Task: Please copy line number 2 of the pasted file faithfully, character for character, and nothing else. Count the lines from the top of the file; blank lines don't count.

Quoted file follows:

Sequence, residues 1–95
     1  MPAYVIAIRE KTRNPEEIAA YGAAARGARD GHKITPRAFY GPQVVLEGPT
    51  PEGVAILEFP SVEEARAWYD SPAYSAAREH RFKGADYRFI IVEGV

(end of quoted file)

     1  MPAYVIAIRE KTRNPEEIAA YGAAARGARD GHKITPRAFY GPQVVLEGPT